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NSW teachers walk away, trains interrupted

by Anthony L. Gonzalez

A historic 24 strike by NSW public and Catholic teachers results from the state government’s failure to address chronic teacher shortages, unions say.

The action by 85,000 public and Catholic teachers on Thursday will be the third strike in six months and is expected to affect about a million families just one day before two weeks of vacation.

Thousands of teachers are expected to descend on Sydney’s CBD after the budget showed no more than a 3.5 percent pay rise.

It marks the first time in more than 25 years that the NSW Teachers Federation and Independent Education Union NSW/ACT have joined forces to stage a 24-hour strike in a show of energy that will close schools.NSW teachers walk away, trains interrupted

“We have a crisis in the form of a teacher shortage, a crisis that the government has created itself,” federation president Angelo Gavrielatos told reporters on Wednesday.

“The government has known for years the causes of this crisis: uncompetitive salaries and unsustainable workloads,” he said.

“Students have been denied their learning opportunities and their future.”

Mr. Gavrielatos urged the government to keep teachers in the stretched sector by raising wages by about seven percent to keep up with inflation and the rising cost of living in recent months.

“Teacher salaries have fallen over the past 30 years relative to other professions…our claim is clear based on an independent study…which recommends an increase of five to 7.5 percent per year,” he said.

He also noted that 1906 teaching job openings statewide belied structural problems and said the shortage would only worsen over the next decade.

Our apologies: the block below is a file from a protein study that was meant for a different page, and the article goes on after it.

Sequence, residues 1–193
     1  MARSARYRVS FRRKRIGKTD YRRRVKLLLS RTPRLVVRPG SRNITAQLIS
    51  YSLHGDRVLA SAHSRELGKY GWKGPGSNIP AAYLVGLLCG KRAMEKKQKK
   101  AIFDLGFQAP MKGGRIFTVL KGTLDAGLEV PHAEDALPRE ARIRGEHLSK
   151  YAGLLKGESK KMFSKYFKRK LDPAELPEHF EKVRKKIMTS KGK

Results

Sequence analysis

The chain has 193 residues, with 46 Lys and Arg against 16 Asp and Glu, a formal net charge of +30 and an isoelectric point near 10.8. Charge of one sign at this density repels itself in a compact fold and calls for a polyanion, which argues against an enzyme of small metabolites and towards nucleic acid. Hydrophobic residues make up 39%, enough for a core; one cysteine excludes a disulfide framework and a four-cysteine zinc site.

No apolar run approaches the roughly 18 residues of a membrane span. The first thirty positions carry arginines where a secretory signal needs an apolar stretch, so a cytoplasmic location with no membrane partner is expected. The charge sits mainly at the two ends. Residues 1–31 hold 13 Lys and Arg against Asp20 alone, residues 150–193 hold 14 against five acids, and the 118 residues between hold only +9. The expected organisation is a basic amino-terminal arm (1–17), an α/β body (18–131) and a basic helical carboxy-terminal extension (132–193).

“Catholic workers are short of 4,000 teachers, and we will need 11,000 more teachers by the end of the decade – 15,000 more teachers are needed, and the government knows this based on its own internal research,” he said.

The strike comes amid a busy week that has rocked the state with delayed trains as workers step up demands for safety and pay rises.

The Rail, Tram, and Bus Union will meet with the NSW government on Wednesday to discuss a new Korean-built intercity train fleet.

The most recent dispute was sparked by a government offer to pay workers up to $18,000 to operate the fleet before any safety changes are made.

The NSW union secretary, Alex Claassens, has accused the government of playing political games, calling it a bribe.

The railway workers started four days of union action on Tuesday.

Transport for NSW has warned that a union ban on foreign-owned trains on Friday would cut Sydney Trains services by 70 percent during peak periods, and commuters could expect delays and canceled services.

There will be significant disruptions to Sydney and NSW train routes, including reduced services to the Central Coast, Newcastle, Hunter, Blue Mountains, Southern Highlands, and South Coast on Thursday and Friday.

Prime Minister Dominic Perrottet described the union action on Tuesday as disappointing, saying the national rail safety regulator had advised the NSW government that the new intercity trains were safe.

Meanwhile, hundreds of nurses voted Tuesday to continue with union action, rejecting the government’s offer to get a three percent pay increase.

Brett Holmes, general secretary of the NSW Nurses and Midwives Association, said members will now seek a seven percent pay increase.

The prime minister said he supported the public sector’s three percent wage offer to health workers, calling continued industrial action politically motivated.

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